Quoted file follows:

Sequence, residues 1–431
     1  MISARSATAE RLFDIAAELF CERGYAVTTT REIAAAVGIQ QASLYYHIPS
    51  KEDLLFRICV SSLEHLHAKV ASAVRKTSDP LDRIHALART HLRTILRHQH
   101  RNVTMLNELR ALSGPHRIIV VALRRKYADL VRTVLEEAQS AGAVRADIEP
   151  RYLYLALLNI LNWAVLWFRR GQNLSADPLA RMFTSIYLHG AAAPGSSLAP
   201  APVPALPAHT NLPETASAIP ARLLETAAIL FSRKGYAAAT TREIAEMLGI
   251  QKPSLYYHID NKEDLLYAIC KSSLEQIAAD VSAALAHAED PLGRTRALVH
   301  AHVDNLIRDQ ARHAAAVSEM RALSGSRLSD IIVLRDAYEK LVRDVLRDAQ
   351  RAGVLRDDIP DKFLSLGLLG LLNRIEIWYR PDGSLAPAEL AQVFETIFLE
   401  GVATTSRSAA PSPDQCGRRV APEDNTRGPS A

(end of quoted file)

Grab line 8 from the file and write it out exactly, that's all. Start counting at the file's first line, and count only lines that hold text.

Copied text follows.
   301  AHVDNLIRDQ ARHAAAVSEM RALSGSRLSD IIVLRDAYEK LVRDVLRDAQ